THE POST-CRESCENT | by Jim Lundstrom October 26, 2004

Musician going to do country thing at Tom's

Dave Gonzalez will be wearing his country hat when he returns to Tom's Garage Thursday night.

The frontman for The Paladins, the rockabilly/blues trio that played Tom's in April, is appearing with his other band, the Hacienda Brothers, which also features Chris Gaffney, the accordion-playing member of Dave Alvin's The Guilty Men.

"This is a lot different from The Paladins," Gonzalez said. "This is something I've wanted to do for a long time. We did have a few country tunes on our records, but I've written a lot of things that don't necessarily fit with the other band. I was always trying to work more country into the other band but was not able to pull it off."

Gonzalez finally realized he needed to branch off with a different-sounding band.

"As soon as I found these guys, my songwriting just completely opened up because I no longer have any limitations," he said.

Gonzalez said he and Gaffney have known each other since the 1980s.

"I've been a big fan of his," he said. "He's a great songwriter and a tremendous singer. I was always kind of afraid, even with my solo stuff, of being able to pull off vocally things I write. When I finally hooked up with Chris Gaffney, there was no problem any more. We think a lot alike when we write.

"I don't mind stepping back, singing a little harmony, singing a few tunes here and there."

Steel player David Berzansky, bass player Hank Gallup and drummer Dale Daniel round out the Hacienda Brothers.

"We've been together more than a year," Gonzalez said. "Last October we just said, this is it. We've got the A-team."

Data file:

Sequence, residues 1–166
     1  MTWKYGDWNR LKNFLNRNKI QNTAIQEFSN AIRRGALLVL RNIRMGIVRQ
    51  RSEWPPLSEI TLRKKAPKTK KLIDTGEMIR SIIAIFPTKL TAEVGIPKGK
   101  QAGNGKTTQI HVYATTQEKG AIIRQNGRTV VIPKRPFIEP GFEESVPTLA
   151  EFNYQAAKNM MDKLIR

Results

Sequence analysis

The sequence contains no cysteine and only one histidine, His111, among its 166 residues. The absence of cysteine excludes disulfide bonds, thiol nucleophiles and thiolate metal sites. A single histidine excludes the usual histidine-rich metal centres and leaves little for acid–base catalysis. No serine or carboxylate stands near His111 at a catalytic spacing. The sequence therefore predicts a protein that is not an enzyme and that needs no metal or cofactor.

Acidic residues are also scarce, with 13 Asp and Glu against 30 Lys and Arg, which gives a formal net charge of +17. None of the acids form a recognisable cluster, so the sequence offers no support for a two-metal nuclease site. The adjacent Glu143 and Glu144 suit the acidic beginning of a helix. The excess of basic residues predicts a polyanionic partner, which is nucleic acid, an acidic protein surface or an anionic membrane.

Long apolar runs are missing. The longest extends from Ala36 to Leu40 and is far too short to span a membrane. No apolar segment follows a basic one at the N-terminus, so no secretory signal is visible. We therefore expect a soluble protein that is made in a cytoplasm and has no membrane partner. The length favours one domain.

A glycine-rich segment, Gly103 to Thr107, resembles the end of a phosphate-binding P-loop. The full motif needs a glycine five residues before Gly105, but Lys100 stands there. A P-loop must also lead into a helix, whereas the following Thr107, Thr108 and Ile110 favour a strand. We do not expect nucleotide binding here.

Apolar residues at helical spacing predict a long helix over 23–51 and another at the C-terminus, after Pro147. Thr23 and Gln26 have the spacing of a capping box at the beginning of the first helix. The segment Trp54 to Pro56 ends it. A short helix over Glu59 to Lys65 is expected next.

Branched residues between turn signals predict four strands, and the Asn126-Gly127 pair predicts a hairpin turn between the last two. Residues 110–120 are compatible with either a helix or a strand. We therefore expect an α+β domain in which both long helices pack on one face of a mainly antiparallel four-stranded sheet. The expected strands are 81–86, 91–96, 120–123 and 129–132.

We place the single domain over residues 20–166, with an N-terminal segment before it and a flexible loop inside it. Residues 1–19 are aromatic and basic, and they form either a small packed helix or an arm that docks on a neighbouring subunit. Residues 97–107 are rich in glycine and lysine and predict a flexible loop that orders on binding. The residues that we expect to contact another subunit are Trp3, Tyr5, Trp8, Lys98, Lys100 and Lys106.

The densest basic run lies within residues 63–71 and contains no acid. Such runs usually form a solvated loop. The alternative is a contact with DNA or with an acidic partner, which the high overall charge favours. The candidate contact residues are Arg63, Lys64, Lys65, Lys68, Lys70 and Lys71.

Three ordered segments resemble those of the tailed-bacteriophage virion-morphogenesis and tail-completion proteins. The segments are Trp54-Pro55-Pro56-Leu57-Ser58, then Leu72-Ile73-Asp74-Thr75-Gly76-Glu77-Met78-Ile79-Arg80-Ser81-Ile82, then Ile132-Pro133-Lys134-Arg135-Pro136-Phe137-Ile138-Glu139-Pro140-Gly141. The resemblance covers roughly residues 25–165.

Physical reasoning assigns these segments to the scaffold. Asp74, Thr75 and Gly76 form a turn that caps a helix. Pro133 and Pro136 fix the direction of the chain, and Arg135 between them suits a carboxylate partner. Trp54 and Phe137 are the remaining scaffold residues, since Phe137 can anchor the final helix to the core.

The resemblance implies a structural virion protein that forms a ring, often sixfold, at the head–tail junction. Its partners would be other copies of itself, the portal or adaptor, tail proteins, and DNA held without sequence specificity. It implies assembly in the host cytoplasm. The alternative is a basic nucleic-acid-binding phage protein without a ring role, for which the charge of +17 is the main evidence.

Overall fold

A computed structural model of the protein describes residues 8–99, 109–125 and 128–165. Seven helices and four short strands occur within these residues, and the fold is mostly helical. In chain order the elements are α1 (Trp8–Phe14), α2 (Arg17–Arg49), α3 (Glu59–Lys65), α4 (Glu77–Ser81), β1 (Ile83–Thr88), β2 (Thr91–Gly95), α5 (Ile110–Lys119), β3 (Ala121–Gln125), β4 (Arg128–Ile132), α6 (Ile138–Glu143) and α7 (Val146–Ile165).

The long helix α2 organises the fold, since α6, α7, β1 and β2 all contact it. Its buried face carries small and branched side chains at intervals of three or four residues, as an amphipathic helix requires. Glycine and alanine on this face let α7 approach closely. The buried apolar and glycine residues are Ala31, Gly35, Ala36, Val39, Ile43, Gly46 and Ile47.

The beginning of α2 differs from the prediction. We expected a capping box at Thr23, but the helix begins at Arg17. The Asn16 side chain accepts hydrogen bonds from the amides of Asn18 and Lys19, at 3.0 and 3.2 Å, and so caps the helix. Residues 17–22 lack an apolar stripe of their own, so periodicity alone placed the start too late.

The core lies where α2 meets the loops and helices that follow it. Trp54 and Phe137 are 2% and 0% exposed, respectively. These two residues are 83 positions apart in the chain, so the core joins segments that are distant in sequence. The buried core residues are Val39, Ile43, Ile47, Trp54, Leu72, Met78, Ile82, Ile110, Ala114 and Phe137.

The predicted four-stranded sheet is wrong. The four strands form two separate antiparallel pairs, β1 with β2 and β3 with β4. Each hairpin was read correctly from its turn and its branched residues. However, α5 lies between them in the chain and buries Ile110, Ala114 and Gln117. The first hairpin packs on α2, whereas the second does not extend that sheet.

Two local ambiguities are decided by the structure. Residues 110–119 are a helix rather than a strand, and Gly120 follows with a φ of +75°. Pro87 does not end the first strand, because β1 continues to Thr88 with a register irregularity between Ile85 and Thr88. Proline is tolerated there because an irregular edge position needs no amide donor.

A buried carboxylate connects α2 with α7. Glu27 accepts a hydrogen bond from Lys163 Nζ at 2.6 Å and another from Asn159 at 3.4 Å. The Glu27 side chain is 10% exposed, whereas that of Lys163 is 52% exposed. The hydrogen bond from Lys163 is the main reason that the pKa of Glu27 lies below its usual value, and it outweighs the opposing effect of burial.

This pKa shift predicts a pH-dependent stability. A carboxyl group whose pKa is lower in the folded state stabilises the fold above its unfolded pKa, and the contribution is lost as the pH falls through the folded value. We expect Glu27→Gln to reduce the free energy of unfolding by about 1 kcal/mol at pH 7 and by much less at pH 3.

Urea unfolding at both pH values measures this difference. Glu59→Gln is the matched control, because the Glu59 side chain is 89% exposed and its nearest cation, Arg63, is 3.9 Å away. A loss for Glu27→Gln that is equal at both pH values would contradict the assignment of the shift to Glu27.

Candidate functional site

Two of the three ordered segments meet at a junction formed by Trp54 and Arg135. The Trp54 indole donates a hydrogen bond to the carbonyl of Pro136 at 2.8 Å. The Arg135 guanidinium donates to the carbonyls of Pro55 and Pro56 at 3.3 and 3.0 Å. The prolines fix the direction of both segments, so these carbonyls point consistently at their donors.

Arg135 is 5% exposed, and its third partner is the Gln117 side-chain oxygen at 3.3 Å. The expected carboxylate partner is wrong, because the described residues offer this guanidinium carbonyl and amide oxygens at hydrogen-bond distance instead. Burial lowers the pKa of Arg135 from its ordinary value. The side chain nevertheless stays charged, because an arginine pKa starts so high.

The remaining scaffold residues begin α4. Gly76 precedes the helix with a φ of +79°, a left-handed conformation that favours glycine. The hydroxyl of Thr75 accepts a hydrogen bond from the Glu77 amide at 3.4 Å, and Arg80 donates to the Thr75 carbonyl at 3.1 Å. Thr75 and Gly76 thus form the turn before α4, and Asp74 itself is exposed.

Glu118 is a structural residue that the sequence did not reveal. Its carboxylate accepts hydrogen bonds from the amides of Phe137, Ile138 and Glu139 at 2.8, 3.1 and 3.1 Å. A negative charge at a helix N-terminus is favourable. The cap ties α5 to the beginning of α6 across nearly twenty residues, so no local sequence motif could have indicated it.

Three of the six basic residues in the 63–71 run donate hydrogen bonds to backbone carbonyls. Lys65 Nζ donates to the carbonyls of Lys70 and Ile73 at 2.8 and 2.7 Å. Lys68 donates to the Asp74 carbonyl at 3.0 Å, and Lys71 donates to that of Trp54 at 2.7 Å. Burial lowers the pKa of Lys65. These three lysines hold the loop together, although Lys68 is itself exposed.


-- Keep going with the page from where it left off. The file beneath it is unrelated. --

The band put together a five-song demo for its appearance at the 2004 South by Southwest appearance, the annual spring gathering around music and film in Austin, Texas.

"That got a real good response," Gonzalez said. "They picked one of those songs for the South by Southwest Web site."

A full-length record was to follow, but it took longer than anyone anticipated.

"It's kind of like the band that cried wolf," Gonzalez said. "We tell everybody we have this record coming out and it never comes out. But it's done now. We have a release date of late January. A goal of ours is to have it out on the street and some ink on it before South by Southwest rolls around (in late March)."

They signed soul songwriter/producer Dan Penn, who wrote and produced songs for the Box Tops ("The Letter," "Cry Like A Baby") and wrote a number of soul classics such as "Do Right Woman" (for Aretha Franklin), "Dark End of the Street" and "I'm Your Puppet."

Penn, based in Nashville, said the band could come to Nashville to record the album but said he preferred to come to them in Tucson, Ariz.

"He told us, 'You guys got something going on that I want to be a part of," Gonzalez said. "He described our sound as 'Western soul.' We said, 'Thanks, bro. We didn't know what to call it.'"

Gonzalez said everyone was relieved Penn wanted to record in Tucson.

"Gaff is from Tucson and my dad's from there, so I spent a lot of time in Tucson as a kid," he said. "We played all our first gigs there and we were totally inspired by being there."

Gonzalez said the place definitely influenced the music.

"Our whole trip is the southwestern thing," he said. "Every time we wanted to work on the record, we have to drive back out there, through the desert, chill out there a few days and focus."